Sled dogs come in a variety of shapes and sizes. While almost any dog can be taught to pull a sled, the breeds shown below are the more popular and better suited breeds used today. First is the Alaskan Husky, probably the most popular dog used for racing today. They will weigh between 35 and 65 pounds depending on the breeder's line. Although the Alaskan Husky is not a recognized purebred by the AKC or other registries, their lineage is as traceable as the purebreds. Next is the Siberian Husky which will weigh between 35 and 60 pounds. The third breed is the Samoyed which will weigh between 50 and 75 pounds. The fourth breed is the Alaskan Malamute. While not as popular for racing, these 85 to 130 pound giants are well suited for freight work and recreational mushing. Another breed is the German Shorthaired Pointer. These dogs are popular with the skijoring and pulk racers of Europe and are becoming more common for sled work in this country and Europe. The last breed shown is the Greenland Husky. This is another breed of dog which is bred primarily for working as opposed to racing. These dogs are well known for their hard working ability and their ability to withstand very harsh conditions.
A smart and obedient dog who is patient with new mushers is the dog for you. A dog who has been a successful leader but now is a little too old or slow for a senior musher's team might be just right to help you train a pet dog to make your two-dog team. If you can promise to give the dog a good home, you may not have to pay much money.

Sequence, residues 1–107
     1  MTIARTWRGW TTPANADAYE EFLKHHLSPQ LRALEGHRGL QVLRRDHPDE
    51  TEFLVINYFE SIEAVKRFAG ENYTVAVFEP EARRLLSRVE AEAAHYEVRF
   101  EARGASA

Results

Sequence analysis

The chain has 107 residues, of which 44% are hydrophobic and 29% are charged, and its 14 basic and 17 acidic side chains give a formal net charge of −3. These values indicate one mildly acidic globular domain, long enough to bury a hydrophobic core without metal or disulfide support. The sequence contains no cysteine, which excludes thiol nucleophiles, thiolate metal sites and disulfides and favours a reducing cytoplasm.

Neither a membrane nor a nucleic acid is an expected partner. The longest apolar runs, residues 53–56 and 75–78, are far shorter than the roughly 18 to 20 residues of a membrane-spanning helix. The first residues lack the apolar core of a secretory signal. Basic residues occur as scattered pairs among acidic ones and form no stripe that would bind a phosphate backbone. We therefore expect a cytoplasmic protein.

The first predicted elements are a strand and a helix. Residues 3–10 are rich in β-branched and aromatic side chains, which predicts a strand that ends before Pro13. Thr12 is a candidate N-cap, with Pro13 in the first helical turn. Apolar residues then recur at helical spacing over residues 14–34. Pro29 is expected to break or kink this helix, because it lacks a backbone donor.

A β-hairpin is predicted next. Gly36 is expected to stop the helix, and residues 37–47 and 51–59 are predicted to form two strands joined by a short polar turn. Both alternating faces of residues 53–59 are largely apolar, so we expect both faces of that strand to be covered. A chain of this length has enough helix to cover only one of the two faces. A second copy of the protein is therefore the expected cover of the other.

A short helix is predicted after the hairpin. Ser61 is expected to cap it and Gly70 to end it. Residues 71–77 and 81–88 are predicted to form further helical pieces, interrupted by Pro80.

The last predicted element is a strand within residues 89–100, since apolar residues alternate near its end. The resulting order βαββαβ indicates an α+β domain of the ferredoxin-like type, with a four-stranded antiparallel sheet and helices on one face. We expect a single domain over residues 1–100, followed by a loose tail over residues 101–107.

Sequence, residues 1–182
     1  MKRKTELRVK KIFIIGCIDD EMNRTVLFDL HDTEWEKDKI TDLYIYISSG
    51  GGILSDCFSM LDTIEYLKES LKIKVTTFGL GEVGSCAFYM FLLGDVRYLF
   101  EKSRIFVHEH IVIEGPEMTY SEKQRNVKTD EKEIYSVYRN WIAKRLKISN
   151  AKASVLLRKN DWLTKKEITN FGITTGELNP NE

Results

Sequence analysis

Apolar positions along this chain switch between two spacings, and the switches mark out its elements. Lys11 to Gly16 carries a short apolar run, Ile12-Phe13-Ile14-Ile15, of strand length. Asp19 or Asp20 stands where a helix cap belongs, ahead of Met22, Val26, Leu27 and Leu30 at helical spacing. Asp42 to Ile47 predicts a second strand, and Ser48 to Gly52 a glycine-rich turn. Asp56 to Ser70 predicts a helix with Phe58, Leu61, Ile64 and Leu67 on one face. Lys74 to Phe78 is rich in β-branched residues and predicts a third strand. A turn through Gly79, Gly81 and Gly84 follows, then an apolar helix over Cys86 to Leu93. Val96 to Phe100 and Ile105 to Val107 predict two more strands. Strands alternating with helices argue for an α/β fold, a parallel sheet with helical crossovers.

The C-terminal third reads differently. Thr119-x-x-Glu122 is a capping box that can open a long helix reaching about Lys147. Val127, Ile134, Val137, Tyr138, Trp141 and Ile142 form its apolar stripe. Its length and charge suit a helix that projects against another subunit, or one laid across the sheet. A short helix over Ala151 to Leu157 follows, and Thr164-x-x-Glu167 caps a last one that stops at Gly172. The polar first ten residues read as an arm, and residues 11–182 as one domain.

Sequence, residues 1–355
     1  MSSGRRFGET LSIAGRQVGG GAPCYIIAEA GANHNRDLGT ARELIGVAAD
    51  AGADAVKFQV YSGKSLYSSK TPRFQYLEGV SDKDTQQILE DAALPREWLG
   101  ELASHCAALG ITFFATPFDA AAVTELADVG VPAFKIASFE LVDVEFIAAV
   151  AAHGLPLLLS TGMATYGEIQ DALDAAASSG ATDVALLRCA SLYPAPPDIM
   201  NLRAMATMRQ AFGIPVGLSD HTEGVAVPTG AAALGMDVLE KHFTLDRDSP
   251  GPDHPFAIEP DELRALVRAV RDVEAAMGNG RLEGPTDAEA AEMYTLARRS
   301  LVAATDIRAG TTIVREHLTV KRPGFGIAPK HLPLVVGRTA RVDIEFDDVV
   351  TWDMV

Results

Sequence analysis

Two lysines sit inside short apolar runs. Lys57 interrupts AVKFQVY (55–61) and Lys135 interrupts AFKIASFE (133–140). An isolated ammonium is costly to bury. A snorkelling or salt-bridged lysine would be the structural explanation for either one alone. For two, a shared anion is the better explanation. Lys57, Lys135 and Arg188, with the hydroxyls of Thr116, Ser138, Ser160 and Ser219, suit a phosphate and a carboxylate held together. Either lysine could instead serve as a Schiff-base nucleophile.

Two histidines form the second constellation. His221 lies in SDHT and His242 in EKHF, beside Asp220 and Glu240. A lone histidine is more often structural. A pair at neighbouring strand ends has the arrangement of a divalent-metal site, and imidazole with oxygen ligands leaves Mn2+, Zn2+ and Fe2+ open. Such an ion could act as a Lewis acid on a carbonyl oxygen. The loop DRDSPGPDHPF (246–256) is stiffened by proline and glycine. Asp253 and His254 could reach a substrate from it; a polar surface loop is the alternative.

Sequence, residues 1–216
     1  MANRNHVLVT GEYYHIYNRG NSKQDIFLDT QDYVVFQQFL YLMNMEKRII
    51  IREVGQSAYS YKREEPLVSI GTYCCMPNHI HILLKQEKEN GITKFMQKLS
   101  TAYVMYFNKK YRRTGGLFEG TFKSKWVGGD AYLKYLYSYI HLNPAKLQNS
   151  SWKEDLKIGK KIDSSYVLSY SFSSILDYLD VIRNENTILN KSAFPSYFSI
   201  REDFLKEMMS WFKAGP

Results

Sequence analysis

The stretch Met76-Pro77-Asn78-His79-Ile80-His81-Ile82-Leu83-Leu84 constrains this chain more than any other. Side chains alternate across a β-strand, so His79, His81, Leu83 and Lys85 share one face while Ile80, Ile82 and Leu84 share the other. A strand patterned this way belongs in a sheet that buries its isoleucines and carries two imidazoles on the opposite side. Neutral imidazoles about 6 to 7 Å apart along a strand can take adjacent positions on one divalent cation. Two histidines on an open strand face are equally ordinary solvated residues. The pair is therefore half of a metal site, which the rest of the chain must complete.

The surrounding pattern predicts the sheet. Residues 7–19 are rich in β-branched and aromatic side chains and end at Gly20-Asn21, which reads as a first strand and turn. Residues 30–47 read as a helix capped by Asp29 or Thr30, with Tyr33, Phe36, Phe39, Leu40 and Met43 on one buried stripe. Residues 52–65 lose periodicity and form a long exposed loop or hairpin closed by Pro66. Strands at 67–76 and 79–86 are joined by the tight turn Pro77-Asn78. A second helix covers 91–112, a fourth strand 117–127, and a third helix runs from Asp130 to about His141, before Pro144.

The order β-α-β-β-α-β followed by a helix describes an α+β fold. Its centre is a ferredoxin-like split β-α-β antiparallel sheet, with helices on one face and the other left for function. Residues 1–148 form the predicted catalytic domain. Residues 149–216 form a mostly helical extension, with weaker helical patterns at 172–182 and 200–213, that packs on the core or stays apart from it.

Write a list of questions to ask the dog's owner because you will need to know a lot about your new dog. Some of these questions might sound like these:
What sled dog and other command words does the dog understand and obey? What type and size of harness is best for him? Is the dog used to walking on a leash? What kind of food does the dog eat? Can you give me a record of his vaccinations? Has the dog been spayed or neutered? What are the dog's best point? What are his bad habits? Can I call or write to you if I have questions?
To begin training, you will need some equipment. You can often save money and buy equipment from sled dog club members. You can advertise in the club newsletter that you want certain items. When you need new items, you can purchase them from the many outfitters and supply companies which specialize in sled dog gear. Think about everything you will need and decide how much money you can spend. Here is a list of some of the things:
Of course you will need at least one food and water dish for each dog. You need to have a water container to bring along when training or racing because dogs will need water at the end of their run. Leashes, and a brush or comb and some dog toys should be on your list too.
After you have worked with your dogs on lead, you will want to go for a ride. You can begin to train your dog using a specially made hookup for your bicycle. Look for ads in sled dog club newsletters for a used sled or rig. Consider what size it is compared with your height and the size of your team. A full adult sized freight sled is not what you want.